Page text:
Of all the times I can think of the most recent mistake takes place in the Adirondacks of northern NY. The Adirondacks are some of the oldest mountains in the world. Though I'm willing to bet I still managed to find some uncharted territory. It's a major plus having all the hiking so close to the OTC. There are a lot of options and if you time it right the trails are not too over crowded.
All I had to do was three hours of easy distance. No problem, right? There really wasn't any problem for the first hour fifty. I didn't have enough time to summit Algonquin. I mostly planned on taking the same way back that I had came. A small part of me wanted to take a different route. The trails are fun if your good at uneven terrain and don't care about the health and well being of your ankles. This is me. I took a right when I should have gone left. I don't look up much when I'm running on hiking trails. When your on the verge of tripping with every step it's hard not to concentrate on the ground immediately in front of you. It's either that or slow down... So really there's no time to look up and see the signs written in plan English.
By the time I realized the ground didn't look the same as the ground I ran out on it was too late. Not too late to physically turn around but more so mentally. You see, we had just recently picked up these new GPS heart rate monitors from Polar. They were pretty slick, but I really wanted to put mine to the test. After you upload the info to a computer it overlays the coordinates onto a topo map and a google map. This leads to an addicting effort to produce the coolest looking training loops. As I said I mostly wanted to do an out and back session.
There are a lot of trails in the Adirondacks. Most of the time you can get to your point B in more than one way. With that in mind there was no hope of me going back the way I came. I kept pressing forward and assumed I would be back in under four hours at the worst. Eventually the single track hiking trail turned into a dirt road. I stopped seeing other hikers. I came out to parking lot. It wasn't empty but I didn't really recognize it either. I ran down the paved road until I came to another hiking trail opening. No reason to panic. "Surly I'll be back in forty minutes or so." I smugly thought to myself. It had been raining a lot that week. When I came to a river the foot bridge was out and littered with warning signs. I don't mind running through water, but there's a sense of insecurity that comes with not knowing where your foot is going to land. That and a $300 camera in your water belt.
I saw a sign for Mt Adams. At this point I wasn't in to the mood for any summiting. The trail oscillated between single track and dirt road. I tripped wading through the water on another downed bridge. I didn't have the courage to glance at the total time display on my watch, but I couldn't dodge the parched feeling from not bringing enough water. After all it was only three hours, right? I did pay close attention to the compass feature on the GPS though. This will point you in direction of your starting point. Apparently, my car was only 16km north of me. Still, no reason to panic. The reason why I brought up the compass feature was because eventually the dirt road came to an end. Should I have just turned around? Probable yes. Did I? Most certainly not. After all, I had a compass pointing me back to HQ. What could go wrong?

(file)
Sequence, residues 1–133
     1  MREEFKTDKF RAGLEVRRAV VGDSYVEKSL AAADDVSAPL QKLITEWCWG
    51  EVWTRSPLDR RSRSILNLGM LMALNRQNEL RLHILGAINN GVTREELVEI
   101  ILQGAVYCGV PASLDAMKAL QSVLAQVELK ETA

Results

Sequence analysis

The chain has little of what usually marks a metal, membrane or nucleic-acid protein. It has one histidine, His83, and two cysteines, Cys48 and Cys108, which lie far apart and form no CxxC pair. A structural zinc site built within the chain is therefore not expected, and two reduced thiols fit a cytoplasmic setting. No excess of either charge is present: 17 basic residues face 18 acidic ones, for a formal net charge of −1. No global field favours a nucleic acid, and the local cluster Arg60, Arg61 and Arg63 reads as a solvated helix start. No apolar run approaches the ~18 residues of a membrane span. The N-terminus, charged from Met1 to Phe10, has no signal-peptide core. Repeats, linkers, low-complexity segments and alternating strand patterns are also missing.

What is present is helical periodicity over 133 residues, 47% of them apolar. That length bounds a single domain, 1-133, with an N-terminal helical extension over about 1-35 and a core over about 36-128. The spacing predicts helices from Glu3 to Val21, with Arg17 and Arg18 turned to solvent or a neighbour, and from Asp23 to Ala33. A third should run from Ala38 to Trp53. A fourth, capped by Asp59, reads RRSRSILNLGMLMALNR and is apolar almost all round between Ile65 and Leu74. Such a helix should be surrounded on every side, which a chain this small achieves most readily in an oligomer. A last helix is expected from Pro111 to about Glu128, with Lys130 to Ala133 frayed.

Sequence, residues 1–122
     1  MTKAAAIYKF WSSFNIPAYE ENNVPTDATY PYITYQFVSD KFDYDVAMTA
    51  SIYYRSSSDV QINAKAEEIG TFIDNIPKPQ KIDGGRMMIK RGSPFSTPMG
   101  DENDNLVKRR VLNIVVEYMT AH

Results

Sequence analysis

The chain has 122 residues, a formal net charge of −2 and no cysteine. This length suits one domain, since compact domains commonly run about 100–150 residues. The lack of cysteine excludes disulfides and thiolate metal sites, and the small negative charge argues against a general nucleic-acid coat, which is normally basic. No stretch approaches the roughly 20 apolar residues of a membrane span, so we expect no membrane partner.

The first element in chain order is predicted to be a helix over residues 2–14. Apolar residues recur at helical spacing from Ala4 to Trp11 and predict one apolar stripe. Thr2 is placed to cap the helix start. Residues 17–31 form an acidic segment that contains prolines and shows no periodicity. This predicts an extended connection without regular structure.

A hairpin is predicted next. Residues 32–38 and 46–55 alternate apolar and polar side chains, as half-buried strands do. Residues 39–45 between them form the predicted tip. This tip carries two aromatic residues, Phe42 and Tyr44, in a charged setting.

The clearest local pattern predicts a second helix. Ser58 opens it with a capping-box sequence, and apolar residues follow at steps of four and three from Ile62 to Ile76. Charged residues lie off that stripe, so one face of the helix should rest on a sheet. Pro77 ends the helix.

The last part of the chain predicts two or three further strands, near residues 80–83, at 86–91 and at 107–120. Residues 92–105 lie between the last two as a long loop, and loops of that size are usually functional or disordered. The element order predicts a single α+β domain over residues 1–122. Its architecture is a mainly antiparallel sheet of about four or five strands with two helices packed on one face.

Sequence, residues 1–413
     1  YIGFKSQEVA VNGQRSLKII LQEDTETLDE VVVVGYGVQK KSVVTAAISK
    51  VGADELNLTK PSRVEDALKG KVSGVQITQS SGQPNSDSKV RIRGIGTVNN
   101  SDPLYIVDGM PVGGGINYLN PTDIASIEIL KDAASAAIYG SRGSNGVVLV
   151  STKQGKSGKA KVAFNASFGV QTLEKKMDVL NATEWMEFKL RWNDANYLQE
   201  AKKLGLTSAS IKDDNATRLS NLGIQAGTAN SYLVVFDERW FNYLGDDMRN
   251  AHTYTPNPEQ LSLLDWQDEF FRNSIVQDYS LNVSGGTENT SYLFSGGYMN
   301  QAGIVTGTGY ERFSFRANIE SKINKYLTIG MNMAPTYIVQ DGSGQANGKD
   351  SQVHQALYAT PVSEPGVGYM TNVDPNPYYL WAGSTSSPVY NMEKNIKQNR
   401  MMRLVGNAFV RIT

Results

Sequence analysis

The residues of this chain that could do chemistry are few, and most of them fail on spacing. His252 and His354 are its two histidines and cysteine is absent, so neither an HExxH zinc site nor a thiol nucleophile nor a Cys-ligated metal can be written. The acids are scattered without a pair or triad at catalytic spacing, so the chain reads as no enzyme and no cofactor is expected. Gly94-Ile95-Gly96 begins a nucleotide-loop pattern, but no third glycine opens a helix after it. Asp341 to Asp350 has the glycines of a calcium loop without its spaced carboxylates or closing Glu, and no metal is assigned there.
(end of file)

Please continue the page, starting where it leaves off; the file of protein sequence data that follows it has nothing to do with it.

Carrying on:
After ditching the river and running though the thicket following what I suspected was a false prophet I, for what ever reason of dumb luck, came to a hiking trail. I didn't know where it was or see any signs, but who cares? It was something! The trail went on for a while and seemed to be heading in the direction of my elusive parked car. Much to my dismay the trail faded away. "Seriously." I thought. "This doesn't make a lick of sense?" It was here where I came across a couple of hikers. It was a couple of guys who, for lack of better term, will be referred to as hippies. I was wearing a bright orange training shirt that day and the hippies probable thought I was the sun. Thankfully they let the sun take a gander at there map. They didn't know where they were either. With a brief view of the map it looked like I could go through the swamp lake I was in and make my way to lake Colden. From there a sense of direction might show up and help me get home. I wasn't really in the mood to do any more bush whacking. I gave the trail the benefit of the doubt. After running along the edge of th swamp lake and the last stretch of trail I decided the trail option was out yet again. I started out the "Flowed Lands" in what was supposed to be the right direction.
|If you look closely you can see where the signal was lost right after I gave up on running around in circles.|
Turns out I still had a long ways to go. On the last stretch the GPS kicked back on. Seeing the car made my day. The wipers were up and someone had left a very cryptic message in the dirt that I shouldn't really post. Apparently I wasn't the only US team member out there that day. I stopped my watch to see a total of seven hours and twenty two minutes. "Meh, close enough" I thought. The slow fire at four wasn't going to happen, but dinner was just opening up at the OTC.
As pathetic as all of the shenanigans are I can pride myself in a 100% success rate of making it back. Obviously, or I wouldn't be here to type this one up. On a long enough time line I always make it home. Some times it's roller skiing down a high way in Wyoming, hitch hiking in France, or the running the back roads of East Germany. So anyone need a partner for an orienteering race?